US Army Los Angeles Recruiting Battalion performs change of command ceremony 

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US Army Los Angeles Recruiting Battalion performs change of command ceremony 

Lt. Col Patrick Flood receives the flag colors from Colonel Leroy Barker.

US Army Los Angeles Recruiting Battalion performs change of command ceremony 

Lt. Col Mark Ripley, 6th Recruiting Brigade Colonel Leroy Barker, and incoming Recruiting Battalion Commander Lt. Col Patrick Flood perform the change of command ceremony in Redondo Beach, California on Friday, July 13.

US Army Los Angeles Recruiting Battalion performs change of command ceremony 

Members of the U.S. Army Recruiting Battalion Los Angeles Photos courtesy of Fernando Sanjurjo / U.S. Army Recruiting Battalion - Los Angeles

US Army Los Angeles Recruiting Battalion performs change of command ceremony 

Lt. Col Ripley passes the guidon to Col Barker the 6th Brigade Commander Photos courtesy of Fernando Sanjurjo / U.S. Army Recruiting Battalion - Los Angeles

The United States Army Los Angeles Recruiting Battalion performed a change of command on Friday, July 13 at Veterans Park in Redondo Beach, California.

The command went from Lt. Col Mark Ripley to Lt. Col Patrick M. Flood, with a flag passing ceremony witnessed by soldiers in the recruiting battalion, family members and community partners.

“The passing of these colors symbolizes the passing of the duties and responsibilities associated with this very important position,” Michael Gregory, the event’s emcee, told the audience.

The passing of the Battalion Guidon was facilitated by Colonel Leroy R. Barker, commander of the 6th Recruiting Brigade.

On the significance of the ceremony, Gregory said, “the history, traditions, and accomplishments of the Los Angeles Army Recruiting Battalion are embodied in these colors. With the transfer, the unit’s legacy is passed as a building block for future performance and achievements. Secondly, the colors are at the forefront of a formation that signify with the continuity of the transfer of the colors also goes the transfer of responsibility for accomplishment of the mission and the welfare of the soldiers.”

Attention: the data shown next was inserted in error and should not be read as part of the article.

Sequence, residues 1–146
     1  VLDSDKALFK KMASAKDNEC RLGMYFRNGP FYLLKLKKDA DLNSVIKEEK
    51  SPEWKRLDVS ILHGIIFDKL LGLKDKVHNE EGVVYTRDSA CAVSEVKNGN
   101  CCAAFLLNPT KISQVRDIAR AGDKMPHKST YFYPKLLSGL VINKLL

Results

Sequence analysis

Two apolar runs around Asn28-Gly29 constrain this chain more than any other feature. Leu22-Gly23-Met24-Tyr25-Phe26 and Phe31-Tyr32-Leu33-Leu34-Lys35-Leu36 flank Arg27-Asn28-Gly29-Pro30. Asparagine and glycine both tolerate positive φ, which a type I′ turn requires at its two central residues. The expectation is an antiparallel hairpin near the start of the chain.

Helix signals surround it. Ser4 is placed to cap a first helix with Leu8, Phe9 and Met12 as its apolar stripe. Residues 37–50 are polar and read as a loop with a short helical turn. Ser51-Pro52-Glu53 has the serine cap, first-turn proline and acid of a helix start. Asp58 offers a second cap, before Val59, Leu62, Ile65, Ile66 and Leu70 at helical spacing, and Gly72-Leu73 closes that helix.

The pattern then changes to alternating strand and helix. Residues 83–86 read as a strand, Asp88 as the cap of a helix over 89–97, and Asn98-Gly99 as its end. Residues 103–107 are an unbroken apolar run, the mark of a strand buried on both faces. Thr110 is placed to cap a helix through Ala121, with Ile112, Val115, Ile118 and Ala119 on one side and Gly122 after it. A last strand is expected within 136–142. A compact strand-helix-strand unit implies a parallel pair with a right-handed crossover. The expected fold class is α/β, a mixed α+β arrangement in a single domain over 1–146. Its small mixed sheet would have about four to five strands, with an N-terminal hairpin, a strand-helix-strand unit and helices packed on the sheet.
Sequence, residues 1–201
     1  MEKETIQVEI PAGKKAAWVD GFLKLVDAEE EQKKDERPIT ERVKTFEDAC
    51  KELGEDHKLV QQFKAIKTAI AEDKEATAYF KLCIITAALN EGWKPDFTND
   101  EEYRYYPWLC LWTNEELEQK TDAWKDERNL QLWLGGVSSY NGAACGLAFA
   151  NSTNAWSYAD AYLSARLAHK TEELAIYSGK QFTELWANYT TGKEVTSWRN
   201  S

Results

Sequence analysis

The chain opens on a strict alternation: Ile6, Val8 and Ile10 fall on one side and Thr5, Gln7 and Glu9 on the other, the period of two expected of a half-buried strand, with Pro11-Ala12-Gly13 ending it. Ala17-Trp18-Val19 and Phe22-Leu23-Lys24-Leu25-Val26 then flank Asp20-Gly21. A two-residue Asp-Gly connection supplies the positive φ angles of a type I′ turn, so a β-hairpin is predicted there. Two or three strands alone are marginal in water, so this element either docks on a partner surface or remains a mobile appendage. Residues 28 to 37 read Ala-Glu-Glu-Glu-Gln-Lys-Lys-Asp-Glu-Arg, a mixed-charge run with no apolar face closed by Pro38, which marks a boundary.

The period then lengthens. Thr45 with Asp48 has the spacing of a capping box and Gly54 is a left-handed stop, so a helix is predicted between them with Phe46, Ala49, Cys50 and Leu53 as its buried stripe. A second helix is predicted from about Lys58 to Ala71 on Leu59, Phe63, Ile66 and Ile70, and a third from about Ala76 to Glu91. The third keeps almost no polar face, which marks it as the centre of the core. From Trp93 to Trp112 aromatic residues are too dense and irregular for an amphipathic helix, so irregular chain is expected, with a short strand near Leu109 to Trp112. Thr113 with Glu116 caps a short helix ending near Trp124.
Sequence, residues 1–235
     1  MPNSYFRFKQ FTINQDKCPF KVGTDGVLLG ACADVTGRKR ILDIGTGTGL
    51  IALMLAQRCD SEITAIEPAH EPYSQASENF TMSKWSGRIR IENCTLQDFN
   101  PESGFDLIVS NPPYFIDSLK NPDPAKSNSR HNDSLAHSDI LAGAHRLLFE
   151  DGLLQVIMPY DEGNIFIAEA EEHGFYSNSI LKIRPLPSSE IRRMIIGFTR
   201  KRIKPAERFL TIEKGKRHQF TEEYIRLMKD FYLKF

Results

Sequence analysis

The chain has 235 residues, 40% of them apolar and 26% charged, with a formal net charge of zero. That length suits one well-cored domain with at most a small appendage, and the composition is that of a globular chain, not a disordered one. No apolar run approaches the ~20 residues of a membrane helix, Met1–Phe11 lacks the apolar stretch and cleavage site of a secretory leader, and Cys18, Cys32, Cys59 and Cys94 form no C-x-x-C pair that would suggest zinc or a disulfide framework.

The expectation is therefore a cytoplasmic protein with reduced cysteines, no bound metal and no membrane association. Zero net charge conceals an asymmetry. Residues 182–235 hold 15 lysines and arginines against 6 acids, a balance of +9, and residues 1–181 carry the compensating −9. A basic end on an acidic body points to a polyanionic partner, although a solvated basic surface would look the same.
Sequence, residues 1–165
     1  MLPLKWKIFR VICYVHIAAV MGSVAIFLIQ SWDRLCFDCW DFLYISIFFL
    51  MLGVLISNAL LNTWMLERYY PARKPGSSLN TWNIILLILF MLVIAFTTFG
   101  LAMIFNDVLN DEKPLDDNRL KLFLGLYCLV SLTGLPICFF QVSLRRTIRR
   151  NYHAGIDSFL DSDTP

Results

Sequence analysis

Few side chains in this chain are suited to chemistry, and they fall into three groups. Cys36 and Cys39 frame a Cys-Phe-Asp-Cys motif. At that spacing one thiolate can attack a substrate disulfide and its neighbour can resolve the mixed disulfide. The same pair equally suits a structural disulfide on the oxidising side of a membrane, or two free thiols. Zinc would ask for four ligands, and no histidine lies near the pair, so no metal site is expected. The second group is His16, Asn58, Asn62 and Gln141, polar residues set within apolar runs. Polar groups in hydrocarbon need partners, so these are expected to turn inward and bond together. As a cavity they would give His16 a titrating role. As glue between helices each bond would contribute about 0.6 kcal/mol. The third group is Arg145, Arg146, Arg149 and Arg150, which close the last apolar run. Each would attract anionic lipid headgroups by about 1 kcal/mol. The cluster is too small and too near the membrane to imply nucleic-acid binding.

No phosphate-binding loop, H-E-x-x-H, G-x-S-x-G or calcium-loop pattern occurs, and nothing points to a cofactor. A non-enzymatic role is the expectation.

Ripley, who served as battalion commander for the past two years, was praised by Barker for his “level-headed leadership” and initiatives increase recruitment in the LA area.

Ripley was commissioned through the Reserve Officer Training Corps at San Diego State University in September 1997. He was deployed with the 1st Theater Sustainment Command to Kuwait from 2009 to 2010 as the Deputy G1 Fwd.  He also served as part of a Reception, Staging, Onward, & Integration assessment team to Afghanistan during the same period.

His military awards and decorations include three Meritorious Service Medals, one Joint Service Commendation Medal, the Afghanistan Campaign Medal, the Korea Service Defense Medal, and the NATO medal.

In his remarks, the outgoing commander thanked community partners, soldiers and fellow commanders who helped advance the U.S. Army’s efforts and highlighted achievements during his tenure.

The strides Ripley mentioned included highest regular Army enlistment two-year average in LA history (about 1,000 a year) and highest combined regular Army and Army reserve enlistment average in LA history (2,165 per year).

“Thank you for the privilege of letting me serve as battalion commander. It was truly an honor. I approached every day with this model mind of mission first and people always,” Ripley concluded.

Flood also addressed the crowd, sharing that 20 years ago, he was living in LA as an actor and a member of the Army Reserve. When his younger brother had passed away, he said, “From that moment, I wanted to find a way to serve others to a greater extent and found that in the regular Army.”

Flood, who recalled some of his experiences while being deployed in Afghanistan, shared that the new position will help “the youth of LA realize their potential.”

“I pledge to give back as much as I’ve given,” he said.

The LA recruiting battalion — nicknamed the “Rough Riders” and headquartered in Encino — oversees five areas or “companies”: San Gabriel, Long Beach, San Fernando Valley, coastal cities, and Los Angeles.

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